Department of the Treasury Secretary Steven Mnuchin said the administration is currently looking to end the profit sweep of Fannie Mae and Freddie Mac.

Mnuchin explained that not only is President Donald Trump trying to end the profit sweep, but it is looking to do it soon. 
“We are actively negotiating an amendment try to get it done by the end of the month,” Mnuchin said Thursday in an interview on CNBC’s Squawk Box.
And Cowen Washington Research Group put out a note to clients saying the profit sweep may end as early as this month.
“We expect a deal prior to Sept. 30 in which Fannie and Freddie will stop paying a quarterly dividend to Treasury,” Cowen Managing Director Jaret Seiberg wrote in the note. “Instead, they will pay a commitment fee for the outstanding preferred capital line. This means they can retain the rest of their profits in order to rebuild capital.”
Freddie Mac has repaid a total of $119.7 billion to the Treasury, exceeding its original draw during the financial crisis by about $48.1 billion. Fannie Mae has drawn a total of $181.4 billion, compared to $119.8 billion that it drew.
But now the profit sweeps may be coming to an end as the GSEs prepare to exit conservatorship. Because the profit sweeps were enacted via an executive order, Trump should be able to end the profit sweeps without waiting on legislative action.
Mnuchin also explained that Trump already approved of the Treasury’s plan to reform Fannie Mae and Freddie Mac.
In an appearance before the Senate Banking Committee Tuesday Mnuchin didn’t confirm if Trump approved the plan, but he did confirm it later.
On September 5th, the Trump administration released its long-awaited plan to reform the nation’s housing finance system and privatize Fannie Mae and Freddie Mac, calling it the “last unfinished business of the financial crisis.”

Thursday, September 12, 2019

Freddie Mac: Mortgage rates tick up from last week’s 3-year low


This week, the 30-year fixed-rate mortgage averaged 3.56%

This week, the average U.S. fixed rate for a 30-year mortgage reversed course, averaging 3.56%. That's seven basis points above last week’s three-year low of 3.49% but more than a percentage point lower than the 4.6% of the year-earlier week, according to the Freddie Mac Primary Mortgage Market Survey.
“Pipeline purchase demand continues to improve heading into the late fall as purchase mortgage applications are up 9% from a year ago,” Freddie Mac Chief Economist Sam Khater said. “The improved demand reflects the still healthy underlying consumer economic fundamentals such as a low unemployment rate, solid wage growth and low mortgage rates.”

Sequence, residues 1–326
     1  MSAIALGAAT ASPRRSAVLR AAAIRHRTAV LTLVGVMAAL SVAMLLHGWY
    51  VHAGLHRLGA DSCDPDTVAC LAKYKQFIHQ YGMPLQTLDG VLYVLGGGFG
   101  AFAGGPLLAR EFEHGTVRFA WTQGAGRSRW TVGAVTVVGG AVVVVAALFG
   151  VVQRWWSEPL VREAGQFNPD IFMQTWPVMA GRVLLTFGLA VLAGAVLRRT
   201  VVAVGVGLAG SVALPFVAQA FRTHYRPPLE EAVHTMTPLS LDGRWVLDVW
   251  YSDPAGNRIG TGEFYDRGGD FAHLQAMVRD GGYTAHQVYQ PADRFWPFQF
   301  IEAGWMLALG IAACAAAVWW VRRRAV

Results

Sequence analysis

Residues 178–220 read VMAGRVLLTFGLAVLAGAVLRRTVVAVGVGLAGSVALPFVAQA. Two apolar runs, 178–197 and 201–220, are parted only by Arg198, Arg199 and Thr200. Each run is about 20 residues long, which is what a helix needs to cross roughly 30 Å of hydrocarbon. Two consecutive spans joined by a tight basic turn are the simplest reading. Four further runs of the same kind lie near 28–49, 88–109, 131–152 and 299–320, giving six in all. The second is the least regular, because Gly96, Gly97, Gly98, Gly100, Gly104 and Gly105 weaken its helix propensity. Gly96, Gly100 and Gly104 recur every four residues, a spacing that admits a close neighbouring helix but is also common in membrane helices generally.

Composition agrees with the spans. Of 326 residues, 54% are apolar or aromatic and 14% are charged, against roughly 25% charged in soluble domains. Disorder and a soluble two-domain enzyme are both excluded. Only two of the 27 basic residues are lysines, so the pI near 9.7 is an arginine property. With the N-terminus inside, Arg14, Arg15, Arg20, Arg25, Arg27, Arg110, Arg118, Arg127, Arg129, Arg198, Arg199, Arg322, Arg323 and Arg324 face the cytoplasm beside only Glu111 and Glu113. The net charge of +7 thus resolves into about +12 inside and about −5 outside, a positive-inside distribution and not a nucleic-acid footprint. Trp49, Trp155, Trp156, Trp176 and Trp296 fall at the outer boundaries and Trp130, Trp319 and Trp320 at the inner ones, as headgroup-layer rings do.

While there has been a material weakness in manufacturing and consistent trade uncertainty, Khater says so far, the American consumer has proved to be resilient with solid home purchase demand.
The 15-year FRM averaged 3.09% this week, ticking up from last week’s 3%. This time last year, the 15-year FRM came in at 4.06%.
The five-year Treasury-indexed hybrid adjustable-rate mortgage averaged 3.36%, slightly up from last week’s rate of 3.3%. This rate is still a large decline from the same week in 2018 when it averaged 3.93%.
Courtesy HousingWire newsletter

Wednesday, September 11, 2019

CoreLogic: Lack of housing inventory drives home prices up 3.6% in July

CoreLogic

The company projects home prices to increase by 5.4% come July 2020

 In July, home prices climbed by 3.6% from the previous year, according to CoreLogic’s latest Home Price Forecast.
The CoreLogic HPI projects future home price growth based on several economic variables and measures the number of owner-occupied households in each state.
 According to CoreLogic’s data, home prices increased by 0.5% from June and are now projected to increase by 5.4% come July 2020.
 “Sales of new and existing homes this July were up from a year ago, supported by low mortgage rates and rising family income,” said Dr. Frank Nothaft, chief economist at CoreLogic. “With the for-sale inventory remaining low in many markets, the pick-up in buying has nudged price growth up.”